Real-Time Audio Logging

March 9, 2020

When deploying a neural audio system into production, logging audio inputs/outputs is critical.  Even with a rigorous QA process, your neural network will likely see many new audio environments, be run in unexpected contexts, and be heard by users with different expectations and biases.  This can result in the network behaving in an unexpectedly interesting or undesirable manner, where you'd like to understand what happened and potentially mitigate it.  Even if the network itself is behaving correctly, audio systems are complicated,  hardware-dependent, and performance-sensitive - so determining whether the network was at fault can be non-trivial.

Therefore, it's desirable to log the neural network inputs and outputs, at least within internal test builds, to reconstruct and understand errors in production.  However, the act of logging can itself cause performance issues - so having a logging setup which can slot transparently into the audio chain, without consuming too much compute,  performing blocking operations, or introducing unnecessary latency, is key.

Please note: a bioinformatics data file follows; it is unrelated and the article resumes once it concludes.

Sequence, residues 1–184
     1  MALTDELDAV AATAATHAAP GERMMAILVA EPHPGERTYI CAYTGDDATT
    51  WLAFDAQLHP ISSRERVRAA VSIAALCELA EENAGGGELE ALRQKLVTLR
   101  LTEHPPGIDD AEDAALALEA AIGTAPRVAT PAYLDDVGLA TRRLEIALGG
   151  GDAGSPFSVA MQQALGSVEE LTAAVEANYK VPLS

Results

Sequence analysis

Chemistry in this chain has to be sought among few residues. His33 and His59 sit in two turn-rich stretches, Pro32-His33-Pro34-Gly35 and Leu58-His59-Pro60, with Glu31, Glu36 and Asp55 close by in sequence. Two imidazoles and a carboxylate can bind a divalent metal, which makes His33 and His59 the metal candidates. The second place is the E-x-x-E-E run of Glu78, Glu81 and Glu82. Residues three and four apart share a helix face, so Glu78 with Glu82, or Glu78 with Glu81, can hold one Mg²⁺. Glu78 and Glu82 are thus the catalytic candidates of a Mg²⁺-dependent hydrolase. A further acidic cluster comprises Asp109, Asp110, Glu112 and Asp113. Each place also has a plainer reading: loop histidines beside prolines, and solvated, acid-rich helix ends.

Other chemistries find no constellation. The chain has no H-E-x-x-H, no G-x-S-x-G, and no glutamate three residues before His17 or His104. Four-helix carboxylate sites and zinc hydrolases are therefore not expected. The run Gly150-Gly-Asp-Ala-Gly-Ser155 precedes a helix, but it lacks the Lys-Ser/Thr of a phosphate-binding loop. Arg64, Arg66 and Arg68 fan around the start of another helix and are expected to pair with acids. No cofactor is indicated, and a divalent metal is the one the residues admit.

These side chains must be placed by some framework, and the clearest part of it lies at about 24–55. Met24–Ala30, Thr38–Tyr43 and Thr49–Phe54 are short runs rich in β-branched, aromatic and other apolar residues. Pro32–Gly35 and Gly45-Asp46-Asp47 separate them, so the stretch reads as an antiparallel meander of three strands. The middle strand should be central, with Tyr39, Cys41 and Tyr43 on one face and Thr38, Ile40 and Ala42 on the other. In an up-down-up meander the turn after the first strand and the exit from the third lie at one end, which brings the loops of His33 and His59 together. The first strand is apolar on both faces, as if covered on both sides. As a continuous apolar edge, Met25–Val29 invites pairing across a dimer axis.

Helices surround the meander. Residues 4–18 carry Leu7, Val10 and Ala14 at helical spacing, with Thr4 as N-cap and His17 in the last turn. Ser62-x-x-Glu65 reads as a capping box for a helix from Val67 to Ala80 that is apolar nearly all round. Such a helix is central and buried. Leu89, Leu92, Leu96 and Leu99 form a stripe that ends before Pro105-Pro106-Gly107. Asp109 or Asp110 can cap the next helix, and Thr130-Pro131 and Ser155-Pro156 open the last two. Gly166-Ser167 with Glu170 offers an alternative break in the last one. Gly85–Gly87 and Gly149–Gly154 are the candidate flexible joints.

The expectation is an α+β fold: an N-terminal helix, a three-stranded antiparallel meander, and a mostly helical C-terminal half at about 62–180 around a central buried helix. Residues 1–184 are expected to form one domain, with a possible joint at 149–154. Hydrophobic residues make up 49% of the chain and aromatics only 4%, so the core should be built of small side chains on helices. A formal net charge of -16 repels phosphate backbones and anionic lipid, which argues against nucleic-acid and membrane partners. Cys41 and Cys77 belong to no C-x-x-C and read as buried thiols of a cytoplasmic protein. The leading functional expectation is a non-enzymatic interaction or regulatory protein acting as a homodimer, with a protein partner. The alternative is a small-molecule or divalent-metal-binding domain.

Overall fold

This post gives a brief overview of the audio logging system which Modulate has built.  We use these loggers to capture inputs and outputs surrounding our voice skins, and save them locally to a directory as a series of WAV files.  These WAVs are easily shared back with us by customers if they choose to do so, letting us easily understand how their microphone setup, audio environment, and input speech affect the output of our voice skins.